Coal Age

FEB 2012

Coal Age Magazine - For more than 100 years, Coal Age has been the magazine that readers can trust for guidance and insight on this important industry.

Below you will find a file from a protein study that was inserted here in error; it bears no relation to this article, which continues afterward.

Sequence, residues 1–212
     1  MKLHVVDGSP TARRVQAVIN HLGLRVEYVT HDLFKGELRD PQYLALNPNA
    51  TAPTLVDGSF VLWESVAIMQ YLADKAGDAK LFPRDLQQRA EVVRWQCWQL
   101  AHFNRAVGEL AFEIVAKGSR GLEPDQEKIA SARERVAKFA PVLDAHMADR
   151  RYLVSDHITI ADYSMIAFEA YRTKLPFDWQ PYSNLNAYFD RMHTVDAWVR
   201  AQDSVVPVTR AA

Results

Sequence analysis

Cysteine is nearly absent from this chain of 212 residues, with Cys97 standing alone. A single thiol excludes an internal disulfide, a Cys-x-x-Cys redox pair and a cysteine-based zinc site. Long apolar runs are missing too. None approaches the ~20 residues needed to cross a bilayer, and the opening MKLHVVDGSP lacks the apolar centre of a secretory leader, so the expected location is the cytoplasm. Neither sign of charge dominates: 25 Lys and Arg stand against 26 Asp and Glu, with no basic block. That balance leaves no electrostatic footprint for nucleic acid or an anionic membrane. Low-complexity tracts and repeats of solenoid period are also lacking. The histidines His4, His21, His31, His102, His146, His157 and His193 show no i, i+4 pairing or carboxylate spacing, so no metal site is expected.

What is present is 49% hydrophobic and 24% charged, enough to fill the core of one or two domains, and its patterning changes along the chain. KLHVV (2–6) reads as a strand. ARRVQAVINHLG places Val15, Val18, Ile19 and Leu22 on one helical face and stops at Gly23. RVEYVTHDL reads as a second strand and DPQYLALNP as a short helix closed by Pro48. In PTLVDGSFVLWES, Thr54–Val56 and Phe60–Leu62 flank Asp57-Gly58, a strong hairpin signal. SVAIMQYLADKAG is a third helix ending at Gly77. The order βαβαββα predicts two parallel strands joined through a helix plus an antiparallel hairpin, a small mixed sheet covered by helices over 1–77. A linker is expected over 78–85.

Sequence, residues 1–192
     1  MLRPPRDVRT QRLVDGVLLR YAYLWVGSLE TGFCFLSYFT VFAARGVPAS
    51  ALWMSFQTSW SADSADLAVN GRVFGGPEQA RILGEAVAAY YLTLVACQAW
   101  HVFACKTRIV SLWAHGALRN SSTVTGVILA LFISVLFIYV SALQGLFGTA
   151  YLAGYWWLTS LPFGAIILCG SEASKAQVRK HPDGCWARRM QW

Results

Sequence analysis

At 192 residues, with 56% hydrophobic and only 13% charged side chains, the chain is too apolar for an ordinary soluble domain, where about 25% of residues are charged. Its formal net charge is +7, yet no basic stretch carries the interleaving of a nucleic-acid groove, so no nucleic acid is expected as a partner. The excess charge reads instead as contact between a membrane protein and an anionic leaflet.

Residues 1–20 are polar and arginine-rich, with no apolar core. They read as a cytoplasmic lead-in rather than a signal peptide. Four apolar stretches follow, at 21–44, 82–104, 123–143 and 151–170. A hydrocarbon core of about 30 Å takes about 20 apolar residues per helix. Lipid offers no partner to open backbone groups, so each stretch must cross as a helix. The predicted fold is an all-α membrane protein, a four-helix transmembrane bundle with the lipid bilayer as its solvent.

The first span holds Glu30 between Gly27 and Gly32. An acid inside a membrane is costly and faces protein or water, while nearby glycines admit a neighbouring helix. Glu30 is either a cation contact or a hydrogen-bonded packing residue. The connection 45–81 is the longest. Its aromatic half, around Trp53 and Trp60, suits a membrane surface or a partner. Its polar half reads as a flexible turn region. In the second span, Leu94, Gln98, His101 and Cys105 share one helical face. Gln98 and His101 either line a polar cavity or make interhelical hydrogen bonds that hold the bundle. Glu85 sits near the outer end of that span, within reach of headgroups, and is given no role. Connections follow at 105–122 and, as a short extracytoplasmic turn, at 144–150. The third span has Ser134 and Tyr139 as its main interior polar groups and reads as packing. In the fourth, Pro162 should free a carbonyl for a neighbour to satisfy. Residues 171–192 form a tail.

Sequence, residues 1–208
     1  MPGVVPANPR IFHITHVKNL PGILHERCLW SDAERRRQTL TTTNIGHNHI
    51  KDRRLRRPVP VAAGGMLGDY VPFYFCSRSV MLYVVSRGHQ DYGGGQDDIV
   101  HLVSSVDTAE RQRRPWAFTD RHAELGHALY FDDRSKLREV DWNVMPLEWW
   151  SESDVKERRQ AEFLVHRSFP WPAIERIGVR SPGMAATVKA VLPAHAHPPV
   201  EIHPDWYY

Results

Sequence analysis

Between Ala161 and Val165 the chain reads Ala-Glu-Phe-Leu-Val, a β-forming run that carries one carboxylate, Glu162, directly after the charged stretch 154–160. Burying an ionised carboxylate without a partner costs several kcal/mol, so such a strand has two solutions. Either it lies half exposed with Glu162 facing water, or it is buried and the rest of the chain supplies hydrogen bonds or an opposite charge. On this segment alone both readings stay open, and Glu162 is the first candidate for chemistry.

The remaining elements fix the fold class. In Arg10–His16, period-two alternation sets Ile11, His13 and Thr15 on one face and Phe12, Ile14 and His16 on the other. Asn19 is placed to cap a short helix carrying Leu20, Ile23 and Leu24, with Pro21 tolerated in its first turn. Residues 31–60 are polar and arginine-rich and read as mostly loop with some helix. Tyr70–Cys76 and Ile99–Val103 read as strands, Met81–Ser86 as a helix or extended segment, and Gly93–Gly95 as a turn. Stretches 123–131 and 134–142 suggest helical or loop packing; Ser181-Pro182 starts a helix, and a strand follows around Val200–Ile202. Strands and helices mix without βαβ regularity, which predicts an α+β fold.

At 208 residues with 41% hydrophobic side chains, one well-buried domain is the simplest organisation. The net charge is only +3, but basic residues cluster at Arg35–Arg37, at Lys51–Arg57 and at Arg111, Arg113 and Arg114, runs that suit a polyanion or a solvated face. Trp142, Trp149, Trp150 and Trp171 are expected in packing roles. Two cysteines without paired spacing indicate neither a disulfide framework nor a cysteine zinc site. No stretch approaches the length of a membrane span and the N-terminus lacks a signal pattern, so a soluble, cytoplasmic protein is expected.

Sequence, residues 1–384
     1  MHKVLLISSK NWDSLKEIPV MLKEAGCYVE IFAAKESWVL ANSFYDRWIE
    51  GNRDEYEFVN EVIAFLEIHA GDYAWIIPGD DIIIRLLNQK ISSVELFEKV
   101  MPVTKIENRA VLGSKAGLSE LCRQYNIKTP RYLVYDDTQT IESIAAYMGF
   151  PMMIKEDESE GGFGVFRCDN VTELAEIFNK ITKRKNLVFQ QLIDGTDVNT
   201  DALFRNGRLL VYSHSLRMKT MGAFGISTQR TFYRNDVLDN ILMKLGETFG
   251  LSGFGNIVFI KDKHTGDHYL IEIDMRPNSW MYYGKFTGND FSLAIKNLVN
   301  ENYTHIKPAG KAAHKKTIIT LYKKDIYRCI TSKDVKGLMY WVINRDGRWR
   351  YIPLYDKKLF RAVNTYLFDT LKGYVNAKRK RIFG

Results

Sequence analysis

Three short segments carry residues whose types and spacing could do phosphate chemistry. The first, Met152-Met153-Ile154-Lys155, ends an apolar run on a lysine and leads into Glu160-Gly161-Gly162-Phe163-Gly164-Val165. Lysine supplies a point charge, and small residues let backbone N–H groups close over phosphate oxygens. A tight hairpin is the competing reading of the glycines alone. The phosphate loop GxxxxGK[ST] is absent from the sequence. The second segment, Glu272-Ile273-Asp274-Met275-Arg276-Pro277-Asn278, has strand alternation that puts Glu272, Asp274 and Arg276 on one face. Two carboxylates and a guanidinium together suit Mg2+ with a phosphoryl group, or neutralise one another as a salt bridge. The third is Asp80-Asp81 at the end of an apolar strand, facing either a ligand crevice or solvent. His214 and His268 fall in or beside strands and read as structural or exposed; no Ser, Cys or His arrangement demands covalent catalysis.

Issue link:

Contents of this Issue


Page 41 of 59